Bacterial infections the “second leading cause of death worldwide”

Bacterial infections the “second leading cause of death worldwide”


Bacterial infections are the second leading cause of death worldwide, accounting for one in eight deaths in 2019, the first global estimate of their mortality revealed on Tuesday.

The massive new study, published in the Lancet-Journal, looked at deaths from 33 common bacterial pathogens and 11 types of infection in 204 countries and territories.

The pathogens were linked to 7.7 million deaths in 2019, the year before the Covid-19 pandemic began – 13.6 percent of the global total.

That made it the second leading cause of death after ischemic heart disease, which includes heart attacks, the study said.

Just five of the 33 bacteria were responsible for half of those deaths: Staphylococcus aureus, Escherichia coli, Streptococcus pneumoniae, Klebsiella pneumoniae, and Pseudomonas aeruginosa.

S. aureus is a bacterium commonly found in human skin and nostrils but is behind a number of diseases, while E. coli is a common cause of food poisoning.

The study was conducted as part of Global Burden of Disease, an extensive research program funded by the Bill and Melinda Gates Foundation that involves thousands of researchers around the world.

“These new data demonstrate for the first time the full extent of the global public health challenge posed by bacterial infections,” said study co-author Christopher Murray, director of the US-based Institute for Health Metrics and Evaluation.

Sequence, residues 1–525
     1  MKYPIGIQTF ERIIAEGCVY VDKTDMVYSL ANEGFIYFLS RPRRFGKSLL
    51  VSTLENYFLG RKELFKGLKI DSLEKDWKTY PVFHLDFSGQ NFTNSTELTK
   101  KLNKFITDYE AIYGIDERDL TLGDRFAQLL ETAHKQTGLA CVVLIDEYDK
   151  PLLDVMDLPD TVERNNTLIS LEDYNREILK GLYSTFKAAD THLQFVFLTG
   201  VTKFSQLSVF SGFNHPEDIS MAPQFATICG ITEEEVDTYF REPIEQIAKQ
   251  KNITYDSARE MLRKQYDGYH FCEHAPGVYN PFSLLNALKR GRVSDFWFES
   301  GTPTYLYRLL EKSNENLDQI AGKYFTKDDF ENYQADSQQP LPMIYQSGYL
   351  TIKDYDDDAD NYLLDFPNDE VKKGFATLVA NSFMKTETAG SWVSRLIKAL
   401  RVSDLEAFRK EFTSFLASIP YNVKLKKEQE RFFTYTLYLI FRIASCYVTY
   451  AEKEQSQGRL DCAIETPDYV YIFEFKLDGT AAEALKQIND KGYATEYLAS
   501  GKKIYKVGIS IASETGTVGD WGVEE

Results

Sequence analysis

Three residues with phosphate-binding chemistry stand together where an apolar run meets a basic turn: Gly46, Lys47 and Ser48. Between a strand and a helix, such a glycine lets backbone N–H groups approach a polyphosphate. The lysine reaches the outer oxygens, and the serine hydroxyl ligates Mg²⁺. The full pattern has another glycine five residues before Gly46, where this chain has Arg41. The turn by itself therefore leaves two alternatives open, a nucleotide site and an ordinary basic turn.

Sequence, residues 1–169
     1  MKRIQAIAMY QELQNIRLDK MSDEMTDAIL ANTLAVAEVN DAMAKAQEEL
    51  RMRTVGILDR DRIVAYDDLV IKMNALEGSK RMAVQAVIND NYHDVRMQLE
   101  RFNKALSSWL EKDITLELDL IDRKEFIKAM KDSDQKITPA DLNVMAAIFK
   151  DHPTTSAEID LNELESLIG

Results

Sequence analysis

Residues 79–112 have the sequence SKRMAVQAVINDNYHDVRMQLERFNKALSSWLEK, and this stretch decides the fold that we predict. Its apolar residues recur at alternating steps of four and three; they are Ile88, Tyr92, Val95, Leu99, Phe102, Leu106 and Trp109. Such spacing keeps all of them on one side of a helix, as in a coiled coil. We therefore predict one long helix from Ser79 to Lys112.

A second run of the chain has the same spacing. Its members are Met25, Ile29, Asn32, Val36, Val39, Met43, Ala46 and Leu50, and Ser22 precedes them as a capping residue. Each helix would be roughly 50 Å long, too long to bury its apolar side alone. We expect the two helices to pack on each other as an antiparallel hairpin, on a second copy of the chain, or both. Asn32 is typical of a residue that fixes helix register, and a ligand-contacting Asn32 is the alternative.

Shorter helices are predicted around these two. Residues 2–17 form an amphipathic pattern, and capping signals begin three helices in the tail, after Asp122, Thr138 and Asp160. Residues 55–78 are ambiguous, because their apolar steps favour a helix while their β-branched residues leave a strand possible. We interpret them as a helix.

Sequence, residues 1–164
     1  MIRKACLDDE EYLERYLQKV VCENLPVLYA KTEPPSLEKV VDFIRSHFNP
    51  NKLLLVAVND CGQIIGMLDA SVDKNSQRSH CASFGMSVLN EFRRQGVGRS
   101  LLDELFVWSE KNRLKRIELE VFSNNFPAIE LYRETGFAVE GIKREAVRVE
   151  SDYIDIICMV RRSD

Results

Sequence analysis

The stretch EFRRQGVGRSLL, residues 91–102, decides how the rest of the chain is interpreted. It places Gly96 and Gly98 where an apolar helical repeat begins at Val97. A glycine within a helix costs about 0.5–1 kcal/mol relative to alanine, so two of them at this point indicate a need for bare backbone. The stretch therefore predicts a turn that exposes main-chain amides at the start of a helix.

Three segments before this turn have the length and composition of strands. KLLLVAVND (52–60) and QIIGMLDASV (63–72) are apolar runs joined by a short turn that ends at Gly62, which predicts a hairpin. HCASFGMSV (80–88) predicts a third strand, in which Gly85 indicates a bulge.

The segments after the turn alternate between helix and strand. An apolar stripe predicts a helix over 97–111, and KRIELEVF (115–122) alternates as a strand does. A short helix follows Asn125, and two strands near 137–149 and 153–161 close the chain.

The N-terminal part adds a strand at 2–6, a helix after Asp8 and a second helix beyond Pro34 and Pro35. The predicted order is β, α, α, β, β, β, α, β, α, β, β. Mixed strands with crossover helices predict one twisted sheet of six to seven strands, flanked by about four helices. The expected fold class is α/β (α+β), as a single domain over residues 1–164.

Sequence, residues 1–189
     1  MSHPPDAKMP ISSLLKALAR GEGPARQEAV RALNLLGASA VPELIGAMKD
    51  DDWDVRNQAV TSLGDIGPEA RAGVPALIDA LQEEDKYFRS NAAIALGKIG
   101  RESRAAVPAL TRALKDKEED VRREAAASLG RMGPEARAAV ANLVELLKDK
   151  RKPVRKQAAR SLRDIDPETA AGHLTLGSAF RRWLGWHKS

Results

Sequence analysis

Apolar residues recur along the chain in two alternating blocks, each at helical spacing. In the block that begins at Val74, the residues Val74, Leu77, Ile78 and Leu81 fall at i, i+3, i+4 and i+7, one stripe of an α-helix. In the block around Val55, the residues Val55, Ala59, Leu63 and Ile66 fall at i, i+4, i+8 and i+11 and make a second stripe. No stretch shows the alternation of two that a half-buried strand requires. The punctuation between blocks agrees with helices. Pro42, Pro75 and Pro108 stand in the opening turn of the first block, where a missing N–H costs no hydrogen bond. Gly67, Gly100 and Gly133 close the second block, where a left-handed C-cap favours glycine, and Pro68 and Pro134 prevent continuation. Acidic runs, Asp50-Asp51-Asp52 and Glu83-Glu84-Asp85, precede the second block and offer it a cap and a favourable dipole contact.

“It is of paramount importance to put these findings on the radar of global health initiatives so that these deadly pathogens can be studied more deeply and appropriate investments made to reduce the number of deaths and infections.”

Research points to strong differences between poor and affluent regions.

In sub-Saharan Africa, there were 230 deaths per 100,000 people from the bacterial infections.

That number fell to 52 per 100,000 in what the study dubbed the “high-income superregion,” which included countries in Western Europe, North America and Australasia.

The authors called for more funding, including for new vaccines, to reduce the number of deaths and also warned against “unjustified use of antibiotics”.

Washing hands is one of the recommended measures to prevent infection.

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